Friday, September 27, 2013

Life-changing Nonfiction Sparks Your Imagination

I hope all of you have been following along this month as the INK authors share the Life-changing Nonfiction from their childhood. While reading about each author’s background, I had to dig through the cobwebs to recall my own early nonfiction experiences. It found it fascinating that, as adults, all the INK blog authors now write about areas that we were drawn to as children.

During my author presentations, I share with the students my childhood and how I loved making things. I grew up sewing stuffed animals for my brother, designing Barbie clothes, making puppets, putting on shows and creating anything. I believed that every child did this. Fast forward several years where I found myself working at one of the largest toy companies in the world designing stuffed toys --- with my office right next to all the Barbie designers.

Thing is, I also would secretly write stories in my bedroom closet. I loved to read. 
Each week, my mom would drop me off at the Mount Washington Public Library, while she shopped at the local Krogers. By the time she came back to pick me up, I had a nice selection of titles to take home and explore. 

Here are a few of my favorite books that made a lasting impression on my life:
Toymaker's Book
by C. J. Maginley
Harcourt Brace and Co., New York, NY, 1948

Fun for one - or two: 200 activities for boys and girls
by Bernice Wells Carlson (Author) , Raymond Abel (Illustrator)
Abingdon Press, January 1954

Make it Yourself! Handicraft for Boys and Girls
by Bernice Wells Carlson
Abingdon Press, 1950

Better Homes and Gardens Junior Cookbook
by Editors of Better Homes and Gardens  January 1963
To be honest, I was fascinated by the little pear animals and the ice cream cones with sprinkles.

Nowadays, parents and kids can get a cornucopia of craft and recipe ideas on the internet. My daughter spends hours looking up things to bake and make on Pinterest. In fact, after searching everywhere for the vintage books that I listed above, my best source was Pinterest.

Today, most publishers have craft books that are very focused on one particular craft, such as, popsicle stick characters or rubber band bracelets. Toy and craft companies create kits where children make what is in the kit with all the materials provided for the project. There seems to be a connection missing somewhere. The creative component has been left out of the equation. Where is the experimentation? Where are the mistakes? Where is the trying of new ideas?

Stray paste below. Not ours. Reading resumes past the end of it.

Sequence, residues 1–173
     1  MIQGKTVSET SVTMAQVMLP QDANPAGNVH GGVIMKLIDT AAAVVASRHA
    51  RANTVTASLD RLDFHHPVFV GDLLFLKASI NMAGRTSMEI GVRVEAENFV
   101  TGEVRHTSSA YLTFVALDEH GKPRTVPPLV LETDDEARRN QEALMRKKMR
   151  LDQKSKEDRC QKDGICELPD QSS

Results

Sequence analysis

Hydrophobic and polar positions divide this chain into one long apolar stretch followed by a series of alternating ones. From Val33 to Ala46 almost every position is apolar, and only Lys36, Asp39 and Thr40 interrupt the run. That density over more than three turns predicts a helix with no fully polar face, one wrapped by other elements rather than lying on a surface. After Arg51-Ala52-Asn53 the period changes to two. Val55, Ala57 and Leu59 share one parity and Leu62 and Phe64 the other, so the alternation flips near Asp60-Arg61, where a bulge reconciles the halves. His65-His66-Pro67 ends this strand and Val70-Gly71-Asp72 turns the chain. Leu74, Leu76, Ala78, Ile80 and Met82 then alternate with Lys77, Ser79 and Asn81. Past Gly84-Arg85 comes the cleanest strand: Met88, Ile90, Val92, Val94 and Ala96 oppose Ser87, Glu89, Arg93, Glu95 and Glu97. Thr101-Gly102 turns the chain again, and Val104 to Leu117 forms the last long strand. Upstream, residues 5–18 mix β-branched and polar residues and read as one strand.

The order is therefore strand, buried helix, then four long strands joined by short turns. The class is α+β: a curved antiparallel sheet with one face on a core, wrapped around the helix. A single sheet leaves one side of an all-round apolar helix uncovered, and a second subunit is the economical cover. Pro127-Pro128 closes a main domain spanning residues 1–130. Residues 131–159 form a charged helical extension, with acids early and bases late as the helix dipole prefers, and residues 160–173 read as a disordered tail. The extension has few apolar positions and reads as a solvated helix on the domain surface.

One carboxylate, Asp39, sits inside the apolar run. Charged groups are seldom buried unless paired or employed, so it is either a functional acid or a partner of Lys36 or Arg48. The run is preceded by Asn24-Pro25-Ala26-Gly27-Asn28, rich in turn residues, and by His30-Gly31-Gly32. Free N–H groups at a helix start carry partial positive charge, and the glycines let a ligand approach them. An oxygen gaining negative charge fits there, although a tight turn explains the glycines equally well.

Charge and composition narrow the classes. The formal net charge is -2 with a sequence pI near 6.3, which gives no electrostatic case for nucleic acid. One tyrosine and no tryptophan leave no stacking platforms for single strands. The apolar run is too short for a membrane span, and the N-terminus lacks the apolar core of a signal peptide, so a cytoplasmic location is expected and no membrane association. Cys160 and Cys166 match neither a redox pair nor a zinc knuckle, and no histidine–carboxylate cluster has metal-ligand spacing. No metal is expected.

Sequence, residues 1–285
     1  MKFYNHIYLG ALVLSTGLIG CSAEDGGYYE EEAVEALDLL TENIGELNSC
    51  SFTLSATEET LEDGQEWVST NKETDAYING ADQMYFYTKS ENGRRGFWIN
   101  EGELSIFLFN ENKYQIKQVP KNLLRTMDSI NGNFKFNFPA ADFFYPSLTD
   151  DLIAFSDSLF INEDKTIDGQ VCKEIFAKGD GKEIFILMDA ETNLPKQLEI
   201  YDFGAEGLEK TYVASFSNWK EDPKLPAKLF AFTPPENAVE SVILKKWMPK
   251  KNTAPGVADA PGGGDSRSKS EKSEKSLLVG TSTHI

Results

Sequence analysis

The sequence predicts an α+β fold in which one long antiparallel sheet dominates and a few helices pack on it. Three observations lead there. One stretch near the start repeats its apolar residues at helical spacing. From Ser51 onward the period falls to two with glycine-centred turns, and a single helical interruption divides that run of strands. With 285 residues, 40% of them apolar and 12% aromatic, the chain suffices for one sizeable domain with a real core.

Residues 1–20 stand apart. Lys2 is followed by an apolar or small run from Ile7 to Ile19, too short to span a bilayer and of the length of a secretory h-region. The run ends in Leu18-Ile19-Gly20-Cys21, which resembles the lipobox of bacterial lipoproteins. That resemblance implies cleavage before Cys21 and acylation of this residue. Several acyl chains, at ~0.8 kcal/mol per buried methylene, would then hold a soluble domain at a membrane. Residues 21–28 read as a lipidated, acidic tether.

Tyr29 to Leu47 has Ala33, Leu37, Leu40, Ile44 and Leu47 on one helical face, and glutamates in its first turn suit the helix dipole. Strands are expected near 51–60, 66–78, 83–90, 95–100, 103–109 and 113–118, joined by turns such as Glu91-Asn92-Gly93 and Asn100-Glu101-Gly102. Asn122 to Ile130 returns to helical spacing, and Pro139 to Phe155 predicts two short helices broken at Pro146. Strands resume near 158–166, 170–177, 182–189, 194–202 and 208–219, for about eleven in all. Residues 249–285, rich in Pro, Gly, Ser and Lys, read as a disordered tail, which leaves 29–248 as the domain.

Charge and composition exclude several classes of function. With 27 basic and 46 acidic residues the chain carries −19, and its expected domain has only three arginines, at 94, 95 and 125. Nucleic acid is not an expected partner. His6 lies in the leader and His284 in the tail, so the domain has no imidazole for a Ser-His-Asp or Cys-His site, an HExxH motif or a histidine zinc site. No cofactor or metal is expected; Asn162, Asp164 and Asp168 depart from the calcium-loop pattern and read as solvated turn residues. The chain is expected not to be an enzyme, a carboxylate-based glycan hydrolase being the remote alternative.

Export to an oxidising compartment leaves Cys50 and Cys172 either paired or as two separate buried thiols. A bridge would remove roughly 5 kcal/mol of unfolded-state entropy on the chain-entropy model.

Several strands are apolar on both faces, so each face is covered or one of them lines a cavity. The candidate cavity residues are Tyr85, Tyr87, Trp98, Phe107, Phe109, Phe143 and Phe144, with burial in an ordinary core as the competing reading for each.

For several years, I have taught a Winter After School Enrichment class called Summer Arts and Crafts. Everything we make incorporates recycled items. Everything the students create is very open ended. I explain all the many ways that they can create projects using other recyclable materials from around their own homes.

The current craft nonfiction books that children can choose are well and good. I just think that there should be a few more books that lead students to think about what they want to create, rather than just telling them what to make.

A few new titles that I love are:
Martha Stewart's Favorite Crafts for Kids: 175 Projects for Kids of All Ages to Create, Build, Design, Explore and Share
by Editors of Martha Stewart Living
Potters Craft June 2013

Show Me a Story: 40 Craft Projects and Activities to Spark Children's Storytelling 
by Emily K. Neuburger
Storey Publishing August 2012

Made by Dad: 67 Blueprints for Making Cool Stuff 
by Scott Bedford
Workman Publishing Company May 2013


Ms. Yingling said...

My favorite was Miss Patches Learns to Sew, written by none other than Carolyn Meyer! I was enthralled with the pear bunnies in the Betty Crocker children's cookbook, but was never given access to canned pears. Thanks for sharing these!

Alicia said...

I really enjoyed this post. I loved seeing the covers of the old books. I agree that the kits now are so polished that there is often less room for creativity. Makes me want to get out my sewing machine and let my kids learn a thing or two!